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By Tim Radford

Marine biologists’ worst fears seem to be confirmed: coral colonies take a long time to recover from catastrophic climate events.

British and Brazilian biologists report in the Public Library of Science One (PLoS One) that the richest habitats of the sea could also be among the most vulnerable to climate change.

Bleached coral at a site in Palau monitored by the Palau International Coral Reef Center, juxtaposed with healthy, living coral. The number and extent of bleaching events have been increasing rapidly. (Jane Thomas, Integration and Application Network, University of Maryland Center for Environmental Science (ian.umces.edu/imagelibrary/))

For more than 17 years, conservationists from Plymouth University in the UK worked with researchers from the Federal University of Bahia in Brazil to analyze the diversity and density of coral reefs and colonies off the coast of South America. Quite early in that 17 year span, there was an El Niño event.

El Niño is a periodic eruption of unprecedented ocean temperatures: it is a natural phenomenon and seems to have happened periodically through recorded human history, distinguished by droughts and wildfires in those places that normally expect high rainfall and floods on otherwise normally arid coasts.

Rising Temperatures

The 1997-98 event lasted for 18 months and was considered one of the most devastating of all, with sea temperatures reaching a global record. Tropical coral reefs were affected almost everywhere; there were also devastating storms and floods in California and forest fires in Borneo.

Corals are peculiarly sensitive to sea temperatures—they tend to bleach if seas get hotter—and many corals live and flourish near the limits of their tolerance. Coral reefs are also home to an estimated 25 percent of all marine species, so the loss of a reef has a serious effect on marine biodiversity, as well as on the incomes of local fishermen—and local tourist operators.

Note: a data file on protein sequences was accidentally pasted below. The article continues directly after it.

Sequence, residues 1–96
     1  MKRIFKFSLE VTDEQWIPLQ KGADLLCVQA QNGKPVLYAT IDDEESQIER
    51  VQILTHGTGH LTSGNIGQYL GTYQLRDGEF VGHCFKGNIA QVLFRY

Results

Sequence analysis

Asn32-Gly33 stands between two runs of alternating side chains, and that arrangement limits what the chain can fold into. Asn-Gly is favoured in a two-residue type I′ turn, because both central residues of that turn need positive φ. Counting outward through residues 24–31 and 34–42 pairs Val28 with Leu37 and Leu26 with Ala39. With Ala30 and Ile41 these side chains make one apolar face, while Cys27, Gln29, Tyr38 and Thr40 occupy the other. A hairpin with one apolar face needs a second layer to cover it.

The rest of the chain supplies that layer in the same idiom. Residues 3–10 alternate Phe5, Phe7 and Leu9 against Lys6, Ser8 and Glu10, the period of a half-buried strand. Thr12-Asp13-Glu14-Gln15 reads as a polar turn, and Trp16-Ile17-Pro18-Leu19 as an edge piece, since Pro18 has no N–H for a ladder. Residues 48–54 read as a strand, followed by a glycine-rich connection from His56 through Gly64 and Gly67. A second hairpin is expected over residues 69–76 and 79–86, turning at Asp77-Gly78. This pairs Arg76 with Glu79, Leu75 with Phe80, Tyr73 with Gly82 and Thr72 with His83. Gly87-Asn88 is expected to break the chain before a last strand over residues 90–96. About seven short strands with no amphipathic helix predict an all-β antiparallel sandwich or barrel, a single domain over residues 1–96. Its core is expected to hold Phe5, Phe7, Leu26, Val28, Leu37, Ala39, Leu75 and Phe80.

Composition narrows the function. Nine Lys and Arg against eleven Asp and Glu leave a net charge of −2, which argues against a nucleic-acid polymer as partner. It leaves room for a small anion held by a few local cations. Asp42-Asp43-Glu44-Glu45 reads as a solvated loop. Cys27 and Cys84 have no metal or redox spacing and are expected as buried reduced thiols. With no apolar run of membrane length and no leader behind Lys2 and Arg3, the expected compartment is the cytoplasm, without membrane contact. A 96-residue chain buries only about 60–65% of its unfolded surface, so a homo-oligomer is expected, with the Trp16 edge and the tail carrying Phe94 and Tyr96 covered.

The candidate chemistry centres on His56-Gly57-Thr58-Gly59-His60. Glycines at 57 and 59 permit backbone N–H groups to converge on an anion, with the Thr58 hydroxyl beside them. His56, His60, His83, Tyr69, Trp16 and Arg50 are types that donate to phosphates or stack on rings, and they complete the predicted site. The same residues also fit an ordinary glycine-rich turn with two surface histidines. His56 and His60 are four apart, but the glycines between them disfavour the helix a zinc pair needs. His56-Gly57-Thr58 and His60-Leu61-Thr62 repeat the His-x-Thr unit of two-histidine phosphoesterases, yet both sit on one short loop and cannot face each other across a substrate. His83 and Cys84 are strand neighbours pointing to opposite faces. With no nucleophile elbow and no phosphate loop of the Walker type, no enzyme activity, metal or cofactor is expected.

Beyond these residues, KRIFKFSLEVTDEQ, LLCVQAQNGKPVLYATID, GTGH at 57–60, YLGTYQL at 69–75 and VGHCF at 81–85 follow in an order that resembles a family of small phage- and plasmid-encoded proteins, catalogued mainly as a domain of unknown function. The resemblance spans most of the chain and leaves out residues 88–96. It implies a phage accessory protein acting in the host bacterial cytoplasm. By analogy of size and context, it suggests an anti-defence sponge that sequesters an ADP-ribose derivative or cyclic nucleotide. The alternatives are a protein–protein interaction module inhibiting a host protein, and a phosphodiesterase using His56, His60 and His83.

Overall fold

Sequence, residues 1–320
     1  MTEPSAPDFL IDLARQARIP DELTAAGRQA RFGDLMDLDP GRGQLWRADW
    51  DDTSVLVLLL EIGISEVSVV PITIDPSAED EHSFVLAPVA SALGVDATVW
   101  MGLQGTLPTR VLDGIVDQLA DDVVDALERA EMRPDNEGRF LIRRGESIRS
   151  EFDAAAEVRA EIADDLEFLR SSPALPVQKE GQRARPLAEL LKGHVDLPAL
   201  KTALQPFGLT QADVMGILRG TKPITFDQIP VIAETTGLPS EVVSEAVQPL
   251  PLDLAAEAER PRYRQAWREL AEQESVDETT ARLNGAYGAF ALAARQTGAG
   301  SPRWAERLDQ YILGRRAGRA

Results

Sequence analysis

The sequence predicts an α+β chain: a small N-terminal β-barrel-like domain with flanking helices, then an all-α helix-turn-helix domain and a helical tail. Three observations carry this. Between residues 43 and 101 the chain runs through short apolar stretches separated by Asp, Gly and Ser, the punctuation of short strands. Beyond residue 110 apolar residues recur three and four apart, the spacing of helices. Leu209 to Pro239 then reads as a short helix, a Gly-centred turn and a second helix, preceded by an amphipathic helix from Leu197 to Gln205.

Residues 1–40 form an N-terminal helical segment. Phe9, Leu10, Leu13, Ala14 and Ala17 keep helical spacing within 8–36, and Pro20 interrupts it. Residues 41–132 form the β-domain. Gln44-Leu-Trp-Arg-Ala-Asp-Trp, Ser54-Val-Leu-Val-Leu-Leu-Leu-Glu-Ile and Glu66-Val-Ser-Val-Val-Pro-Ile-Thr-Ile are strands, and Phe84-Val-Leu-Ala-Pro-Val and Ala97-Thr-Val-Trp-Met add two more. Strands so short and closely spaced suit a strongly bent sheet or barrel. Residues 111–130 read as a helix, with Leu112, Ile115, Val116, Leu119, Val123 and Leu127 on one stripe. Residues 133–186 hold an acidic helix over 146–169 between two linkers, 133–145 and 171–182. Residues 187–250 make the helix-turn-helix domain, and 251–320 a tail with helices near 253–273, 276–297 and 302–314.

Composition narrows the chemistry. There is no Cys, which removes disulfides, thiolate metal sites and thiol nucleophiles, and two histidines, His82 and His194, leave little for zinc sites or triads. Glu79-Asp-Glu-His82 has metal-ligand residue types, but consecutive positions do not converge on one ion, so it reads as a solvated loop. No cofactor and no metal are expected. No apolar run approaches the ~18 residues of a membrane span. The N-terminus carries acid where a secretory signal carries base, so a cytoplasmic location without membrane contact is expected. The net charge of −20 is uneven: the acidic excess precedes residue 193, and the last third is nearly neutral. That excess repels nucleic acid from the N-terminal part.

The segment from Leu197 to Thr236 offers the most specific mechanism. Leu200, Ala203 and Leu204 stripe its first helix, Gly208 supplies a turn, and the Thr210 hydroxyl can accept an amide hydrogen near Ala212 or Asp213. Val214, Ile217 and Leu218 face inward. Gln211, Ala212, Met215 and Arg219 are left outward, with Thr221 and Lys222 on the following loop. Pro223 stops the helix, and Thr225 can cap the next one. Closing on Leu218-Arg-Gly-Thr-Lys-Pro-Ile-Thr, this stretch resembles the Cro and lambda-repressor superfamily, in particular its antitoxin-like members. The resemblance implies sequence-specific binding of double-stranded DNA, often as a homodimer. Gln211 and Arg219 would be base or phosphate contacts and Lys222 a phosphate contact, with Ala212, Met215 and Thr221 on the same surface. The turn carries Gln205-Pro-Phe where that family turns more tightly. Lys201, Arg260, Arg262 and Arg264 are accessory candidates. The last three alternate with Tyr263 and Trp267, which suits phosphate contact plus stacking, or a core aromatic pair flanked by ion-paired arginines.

The British and Brazilian scientists monitored eight species of Scleractinian, or stony corals, and worked with the Brazilian Meteorological Office to build up a complete picture of the environmental conditions and the way in which they affected species behavior.

Slow Recovery

During 1998, all the monitored corals showed increased mortality and one species disappeared completely from the reefs for at least seven years. Then, as temperatures dropped, the corals started to grow again.

Recent measurements show that the coral colonies have fully recovered, and are now back to the levels recorded before 1998. That’s the good news. The bad news is that recovery took so long.

“El Niño events give us an indication of how changing climate affects ecosystems as major changes within the Pacific impact the whole world,” said one of the authors, Martin Attrill of Plymouth’s Marine Institute.

“If the reefs can recover quickly, it is probable they can adapt and survive the likely changes in water temperatures ahead of us. However, we found it took 13 years for the coral reef system of Brazil to recover, suggesting they may be very vulnerable to climate-related impacts,” concluded Attrill. 

Visit EcoWatch’s WATER and BIODIVERSITY pages for more related news on this topic.